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Tuesday, 19 June 2018

A View From The Back Of The Room: Zornheym (Live Review By Paul H)

Zornheym, Agrona, In Which It Burns, Fuel Rock Club

With the Rolling Bones playing across the road on the same night, it was a brave move for Eradication Booking Agency to go toe to toe with the geriatric appreciation society; not that there was much cross over in fan base but because of the utter ball ache of getting in and out of the city centre on such a night.

With Ante Inferno unable to fill their slot, Pembrokeshire four-piece In Which It Burns (8) stepped in at the last minute and for the small crowd who arrived early enough to catch them it was well worth it. The band formed in 2016, and comprise Steve Flynn (lead guitar), Dan Mayhew (drums), Michael Thomas (bass) and Wayne Mayhew (rhythm guitar and vocals). IWIB don’t conform to the usual metal stereotype appearance, although there is sufficient there to ensure you could have a good guess about what they play. Frontman Wayne Mayhew does look the part, and his snarling delivery was impressive, fitting the band’s aggressive social commentary superbly. The band play hard thrash to great effect and sounded tight despite the intense heat which the band clearly felt. With two EPs under their belts, the band has a good set of material which was well received. Issues of racism and social injustice are amongst the topics addressed; good stuff. Hatred In Disguise was the stand out track but there was plenty here to demand a repeat viewing. Hopefully the band can get back soon because they deserve a bigger audience.

Having launched the magnificent Realm Of The Fallen a mere two weeks before, this was Agrona’s (9) third appearance at Fuel within a month. Not that you would have known, as the South Wales black metal monsters delivered yet another blistering set, sufficiently imposing and confident to headline a venue ten times as big. With the sound even better than recent shows, the band blasted yet another hole in Fuel’s ceiling as their gathering commenced with The Treacherous Dead and celebration of all things evil commenced. Vocalist Taranis once more orchestrated proceedings from the pit, the faithful gathered at his feet for the ritual. Supported by the ever-fiery vocals of Adara, the spewing bile flowed with ease. Short one member, the band made light of being short one member, Phoenix’s lacerating guitar cutting through the mix.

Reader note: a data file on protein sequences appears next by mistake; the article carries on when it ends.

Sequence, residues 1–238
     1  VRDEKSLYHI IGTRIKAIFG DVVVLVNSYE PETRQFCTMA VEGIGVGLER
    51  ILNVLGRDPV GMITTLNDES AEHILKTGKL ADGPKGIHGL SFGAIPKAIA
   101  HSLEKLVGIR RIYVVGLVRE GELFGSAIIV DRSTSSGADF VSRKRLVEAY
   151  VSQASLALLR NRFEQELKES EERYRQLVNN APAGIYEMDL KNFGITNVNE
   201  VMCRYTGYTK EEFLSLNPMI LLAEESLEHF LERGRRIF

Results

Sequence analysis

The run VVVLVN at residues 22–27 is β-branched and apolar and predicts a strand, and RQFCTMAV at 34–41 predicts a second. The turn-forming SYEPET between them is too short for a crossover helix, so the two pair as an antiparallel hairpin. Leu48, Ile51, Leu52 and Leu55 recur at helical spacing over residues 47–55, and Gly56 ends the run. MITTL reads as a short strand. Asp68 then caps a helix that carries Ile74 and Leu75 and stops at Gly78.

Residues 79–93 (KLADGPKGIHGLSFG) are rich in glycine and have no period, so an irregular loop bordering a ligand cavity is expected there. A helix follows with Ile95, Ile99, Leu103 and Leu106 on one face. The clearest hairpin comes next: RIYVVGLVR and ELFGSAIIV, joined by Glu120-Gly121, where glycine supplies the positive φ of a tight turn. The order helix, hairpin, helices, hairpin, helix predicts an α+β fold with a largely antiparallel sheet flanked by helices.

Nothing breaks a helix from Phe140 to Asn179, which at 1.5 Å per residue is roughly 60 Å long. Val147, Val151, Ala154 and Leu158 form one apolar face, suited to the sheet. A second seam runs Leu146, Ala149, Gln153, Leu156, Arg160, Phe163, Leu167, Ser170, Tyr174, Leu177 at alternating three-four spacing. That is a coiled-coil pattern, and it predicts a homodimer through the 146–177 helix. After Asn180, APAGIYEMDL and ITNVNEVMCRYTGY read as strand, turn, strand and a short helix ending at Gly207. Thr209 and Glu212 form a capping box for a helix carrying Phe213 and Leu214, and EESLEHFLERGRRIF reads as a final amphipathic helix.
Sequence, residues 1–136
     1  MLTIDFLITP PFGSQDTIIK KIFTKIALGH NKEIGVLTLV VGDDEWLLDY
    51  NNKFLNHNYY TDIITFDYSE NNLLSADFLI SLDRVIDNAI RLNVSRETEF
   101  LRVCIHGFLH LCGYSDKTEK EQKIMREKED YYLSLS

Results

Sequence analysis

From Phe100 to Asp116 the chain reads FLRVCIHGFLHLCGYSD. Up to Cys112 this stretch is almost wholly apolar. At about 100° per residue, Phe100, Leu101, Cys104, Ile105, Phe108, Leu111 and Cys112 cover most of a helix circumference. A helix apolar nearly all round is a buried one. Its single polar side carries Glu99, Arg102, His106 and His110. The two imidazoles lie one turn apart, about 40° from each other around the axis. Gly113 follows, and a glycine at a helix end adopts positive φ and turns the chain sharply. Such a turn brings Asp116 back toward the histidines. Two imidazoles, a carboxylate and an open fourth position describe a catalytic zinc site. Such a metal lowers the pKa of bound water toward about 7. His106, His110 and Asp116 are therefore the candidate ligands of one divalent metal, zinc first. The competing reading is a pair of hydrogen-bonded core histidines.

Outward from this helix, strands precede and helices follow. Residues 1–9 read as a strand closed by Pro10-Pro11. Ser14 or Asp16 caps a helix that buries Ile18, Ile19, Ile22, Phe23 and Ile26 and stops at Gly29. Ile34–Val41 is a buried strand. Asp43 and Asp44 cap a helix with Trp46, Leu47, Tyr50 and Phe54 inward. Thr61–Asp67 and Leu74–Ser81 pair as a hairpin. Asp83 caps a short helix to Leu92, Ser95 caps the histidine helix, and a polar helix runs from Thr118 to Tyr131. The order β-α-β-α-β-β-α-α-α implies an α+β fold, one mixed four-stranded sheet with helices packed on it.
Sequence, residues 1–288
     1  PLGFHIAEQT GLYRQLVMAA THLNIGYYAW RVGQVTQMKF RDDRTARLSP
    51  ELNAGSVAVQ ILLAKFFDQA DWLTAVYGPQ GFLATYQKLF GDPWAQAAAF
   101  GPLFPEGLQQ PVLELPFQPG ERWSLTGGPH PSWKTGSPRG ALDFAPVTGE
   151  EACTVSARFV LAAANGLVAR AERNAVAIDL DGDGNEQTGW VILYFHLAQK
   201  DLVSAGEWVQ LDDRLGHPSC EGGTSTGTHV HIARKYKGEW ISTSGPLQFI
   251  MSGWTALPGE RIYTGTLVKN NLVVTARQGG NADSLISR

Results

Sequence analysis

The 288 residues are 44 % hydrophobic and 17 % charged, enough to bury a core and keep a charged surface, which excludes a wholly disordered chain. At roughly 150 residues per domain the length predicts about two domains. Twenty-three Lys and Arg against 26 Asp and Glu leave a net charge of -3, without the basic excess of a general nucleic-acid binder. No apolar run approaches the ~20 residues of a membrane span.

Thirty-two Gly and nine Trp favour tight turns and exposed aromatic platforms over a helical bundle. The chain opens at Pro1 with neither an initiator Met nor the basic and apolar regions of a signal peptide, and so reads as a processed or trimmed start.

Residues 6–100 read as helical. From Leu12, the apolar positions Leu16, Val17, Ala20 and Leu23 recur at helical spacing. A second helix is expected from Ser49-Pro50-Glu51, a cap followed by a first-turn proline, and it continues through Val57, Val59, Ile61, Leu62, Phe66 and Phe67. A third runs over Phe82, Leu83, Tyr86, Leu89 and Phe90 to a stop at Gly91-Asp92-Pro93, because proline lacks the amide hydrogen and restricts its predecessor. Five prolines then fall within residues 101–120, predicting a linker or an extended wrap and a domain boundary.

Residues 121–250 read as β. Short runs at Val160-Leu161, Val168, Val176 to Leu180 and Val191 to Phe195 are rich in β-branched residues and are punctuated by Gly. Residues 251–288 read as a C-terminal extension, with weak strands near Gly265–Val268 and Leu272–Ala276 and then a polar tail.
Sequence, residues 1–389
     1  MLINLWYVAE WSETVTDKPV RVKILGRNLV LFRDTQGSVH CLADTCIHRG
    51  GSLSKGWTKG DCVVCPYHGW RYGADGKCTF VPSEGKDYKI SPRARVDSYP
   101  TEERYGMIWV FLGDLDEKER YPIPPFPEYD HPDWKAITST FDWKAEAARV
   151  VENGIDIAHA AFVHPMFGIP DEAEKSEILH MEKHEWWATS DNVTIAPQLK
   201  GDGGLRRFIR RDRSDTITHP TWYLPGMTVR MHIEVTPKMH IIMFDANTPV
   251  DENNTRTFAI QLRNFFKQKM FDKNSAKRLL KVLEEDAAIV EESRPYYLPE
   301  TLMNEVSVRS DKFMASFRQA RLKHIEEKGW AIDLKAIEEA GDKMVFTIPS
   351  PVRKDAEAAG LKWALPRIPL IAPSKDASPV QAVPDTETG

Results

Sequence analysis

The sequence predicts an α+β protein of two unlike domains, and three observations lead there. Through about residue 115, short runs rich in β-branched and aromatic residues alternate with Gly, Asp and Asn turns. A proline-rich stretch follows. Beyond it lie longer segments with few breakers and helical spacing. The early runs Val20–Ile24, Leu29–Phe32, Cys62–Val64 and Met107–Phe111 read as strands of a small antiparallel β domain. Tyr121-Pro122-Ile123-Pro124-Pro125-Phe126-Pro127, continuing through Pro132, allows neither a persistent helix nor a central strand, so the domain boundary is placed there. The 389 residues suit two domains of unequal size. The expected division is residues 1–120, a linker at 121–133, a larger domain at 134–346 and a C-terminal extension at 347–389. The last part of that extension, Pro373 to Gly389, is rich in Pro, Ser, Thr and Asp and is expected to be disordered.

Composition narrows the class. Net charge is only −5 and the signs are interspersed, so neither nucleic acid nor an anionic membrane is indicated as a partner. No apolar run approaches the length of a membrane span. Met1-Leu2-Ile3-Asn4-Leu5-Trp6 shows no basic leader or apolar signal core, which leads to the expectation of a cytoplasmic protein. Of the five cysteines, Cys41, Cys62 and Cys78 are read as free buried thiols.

Alongside him bassist Kreulon displayed a terrifying new mask, one that proved to be a little too oppressive by the end of the set. Some adjustments needed! Meanwhile drummer Ankou was on double duty, racing off after his set to get to Swansea to play with Cranial Separation. The man is a machine. With their music now established, it was a challenge to pick out highlights but Storms End never fails whilst Unbound and Summoning The Void were both immense. This was the band’s last South Wales show for a while, but they have gigs across the South West coming up, so get across the border and support one of the most exciting bands on the UK scene now.

Following Agrona is always a challenge but Swedes Zornheym (8), making their Welsh debut and only their second UK appearance were up for it. With duel guitars and no bass, the band’s melodic extreme metal relies heavily on loops and tapes and there were a few challenges during the set, which were resolved thanks to the excellent sound tech and a little help from Alyn Hunter (who gets a bonus point for his efforts!). The band’s first album, Where Hatred Dwells And Darkness Reigns is a bit of a monster and the band’s efforts in the live arena allowed the tracks to translate well. Vocalist Bendler is an imposing sight, muscular and tall and equipped with pipes of gravel. Alongside him, lead guitarist Zorn seemed unaffected by the heat, throwing out solos and riffs for fun, ably supported by fellow guitarist Scucca. Meanwhile drummer Angst was rarely on his drum stool, and between songs spent much of his time standing on top of the stool peering out at the audience.

I’d like to see these guys in a setting where they had more space to express themselves and with the sound gods on their side. As usual, Fuel opened the doors to all and sundry towards the end of the set, meaning that the room filled up with punters who had been to see the Stones. With Metal 2 The Masses to follow the next evening, and the band close to completing their set, I made a quick exit. Once again, a superb night’s entertainment, for the princely price of ten Welsh pounds. Thanks to Gavin for persisting with these shows; a shame that the scene isn’t as well supported as it should be as this was great stuff.

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